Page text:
Sunday, August 1, 2010

Garden Round Up: Tokyo

Vegetable gardens, when productive, can be extremely productive. Some people are so overflowing with green peppers and squash and zucchinis that they can't give them away fast enough. When they are non-productive, you'll sit there nursing your one and only vegetable only to have it stop growing at half size and fall off the plant before you ever had a chance to eat it.

This year I had a lot of success with strawberries, potatoes, and tomatoes. On the other end of the spectrum, my green peppers and watermelon were merely decorative. I also had a few unexpected plants show up, like the new avocado tree. If I needed to survive on only my plants, I would not have made it.

However, I learned a few things.
  • The pepper prefers to be closer to the veranda wall where there is more morning sun. Although the afternoon sun is longer, it is dimmer and less direct than the morning sun.
  • I need to teach people taking care of my tomatoes *how* to remove the "waki me". I had a very productive year, but because one branch grew out of the side, I spent a lot of time trying to find ways to prop it up. I should have been spending that time eating more tomatoes.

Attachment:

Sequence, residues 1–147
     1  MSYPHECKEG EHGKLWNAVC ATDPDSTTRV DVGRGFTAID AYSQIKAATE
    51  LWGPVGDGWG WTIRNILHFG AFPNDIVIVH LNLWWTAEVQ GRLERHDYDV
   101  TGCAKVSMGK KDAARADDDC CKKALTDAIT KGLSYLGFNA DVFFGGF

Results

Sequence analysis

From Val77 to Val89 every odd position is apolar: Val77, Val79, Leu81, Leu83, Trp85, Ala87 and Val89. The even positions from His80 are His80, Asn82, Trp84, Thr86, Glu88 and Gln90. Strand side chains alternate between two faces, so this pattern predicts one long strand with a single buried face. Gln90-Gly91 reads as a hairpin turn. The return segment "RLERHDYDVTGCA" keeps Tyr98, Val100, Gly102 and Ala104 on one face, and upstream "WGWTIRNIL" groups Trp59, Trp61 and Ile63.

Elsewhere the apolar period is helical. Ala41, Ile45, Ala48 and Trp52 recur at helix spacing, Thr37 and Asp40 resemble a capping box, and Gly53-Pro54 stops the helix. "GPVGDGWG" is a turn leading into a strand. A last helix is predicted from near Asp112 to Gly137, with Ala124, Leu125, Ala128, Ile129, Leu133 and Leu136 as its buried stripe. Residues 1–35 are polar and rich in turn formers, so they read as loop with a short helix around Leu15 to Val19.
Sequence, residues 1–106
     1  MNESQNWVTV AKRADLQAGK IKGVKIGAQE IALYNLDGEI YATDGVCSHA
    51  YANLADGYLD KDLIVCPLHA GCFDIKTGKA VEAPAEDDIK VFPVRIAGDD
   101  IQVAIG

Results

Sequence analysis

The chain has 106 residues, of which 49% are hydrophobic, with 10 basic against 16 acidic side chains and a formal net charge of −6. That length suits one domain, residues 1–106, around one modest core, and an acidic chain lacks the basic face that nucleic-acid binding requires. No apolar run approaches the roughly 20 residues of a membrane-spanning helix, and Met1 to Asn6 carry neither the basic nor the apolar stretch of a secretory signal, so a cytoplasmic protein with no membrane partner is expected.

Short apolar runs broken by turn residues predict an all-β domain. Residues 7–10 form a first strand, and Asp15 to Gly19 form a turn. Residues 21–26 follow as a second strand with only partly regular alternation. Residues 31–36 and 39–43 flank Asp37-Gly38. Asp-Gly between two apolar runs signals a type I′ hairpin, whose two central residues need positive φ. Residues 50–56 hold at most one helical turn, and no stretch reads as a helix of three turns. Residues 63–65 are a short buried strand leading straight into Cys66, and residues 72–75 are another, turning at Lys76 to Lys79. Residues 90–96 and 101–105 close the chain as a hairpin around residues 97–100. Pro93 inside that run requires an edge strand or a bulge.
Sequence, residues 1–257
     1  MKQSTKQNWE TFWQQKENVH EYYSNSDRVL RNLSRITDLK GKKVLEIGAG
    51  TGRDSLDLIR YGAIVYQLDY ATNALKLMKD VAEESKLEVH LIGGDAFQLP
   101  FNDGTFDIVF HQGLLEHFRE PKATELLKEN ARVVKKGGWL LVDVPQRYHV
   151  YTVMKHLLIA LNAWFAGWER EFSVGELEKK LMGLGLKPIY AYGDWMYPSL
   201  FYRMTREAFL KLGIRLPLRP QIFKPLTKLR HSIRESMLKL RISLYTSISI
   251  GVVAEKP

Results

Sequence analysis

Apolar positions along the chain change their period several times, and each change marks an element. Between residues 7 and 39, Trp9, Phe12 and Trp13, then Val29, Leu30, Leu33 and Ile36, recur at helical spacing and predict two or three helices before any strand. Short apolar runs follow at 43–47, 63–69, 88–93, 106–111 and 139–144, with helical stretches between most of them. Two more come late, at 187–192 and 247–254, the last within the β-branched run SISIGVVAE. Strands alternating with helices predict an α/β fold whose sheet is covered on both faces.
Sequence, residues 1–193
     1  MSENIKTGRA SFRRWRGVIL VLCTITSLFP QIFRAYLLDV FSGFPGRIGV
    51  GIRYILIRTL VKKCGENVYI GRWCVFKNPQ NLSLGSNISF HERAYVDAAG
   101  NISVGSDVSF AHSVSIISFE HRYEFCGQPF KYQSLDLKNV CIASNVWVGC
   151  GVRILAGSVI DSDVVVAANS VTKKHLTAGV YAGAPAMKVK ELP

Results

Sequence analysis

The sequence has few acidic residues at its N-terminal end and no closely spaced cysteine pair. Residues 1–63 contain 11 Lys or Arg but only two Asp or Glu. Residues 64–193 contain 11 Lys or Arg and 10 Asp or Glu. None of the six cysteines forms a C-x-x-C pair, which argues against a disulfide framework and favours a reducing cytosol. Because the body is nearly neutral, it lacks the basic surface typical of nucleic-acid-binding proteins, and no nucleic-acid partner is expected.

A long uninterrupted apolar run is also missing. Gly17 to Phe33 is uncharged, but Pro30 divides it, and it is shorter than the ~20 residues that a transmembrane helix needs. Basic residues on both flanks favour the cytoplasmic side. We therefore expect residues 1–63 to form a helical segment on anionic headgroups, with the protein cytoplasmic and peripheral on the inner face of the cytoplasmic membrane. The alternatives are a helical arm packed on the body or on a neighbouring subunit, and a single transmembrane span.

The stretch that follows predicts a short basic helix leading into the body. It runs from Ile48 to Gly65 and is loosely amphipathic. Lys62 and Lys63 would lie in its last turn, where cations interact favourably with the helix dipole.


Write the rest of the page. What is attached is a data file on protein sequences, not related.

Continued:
• Watermelons need to be started earlier. If left to their own devices, they will sprout a month too late and won't reach maturity in time to harvest. Also, they probably need better soil and more room to grow.
  • Strawberry plants die. I didn't think about this until just this summer when all the plants that bore fruit this spring dried up and died. The one that didn't produce any fruits at all is thriving and is currently sending out runners. I'll catch these and start again next year. I may try a different pot and retire the one I'm using now.
  • Potatoes need more time. I probably harvested them too early. They were small, but they were tasty! Next year I'll wait a little longer before pulling them up.
The garden in Japan is still producing tomatoes and everyone over there is enjoying them. I had a couple before I left and thought they were a bit tough and sour. I bet if I waited just a couple days longer they would have tasted much better.

That's it for this year. I'll be heading back in December, so the next time I write about it, I'll be deciding what to plant in the winter. I'm thinking of a few things, but it'll take a little more research to do it right. More than anything else, I've found that planning and research leads to better results than seat-of-the-pants gardening. Planting is fun, but harvesting is better.

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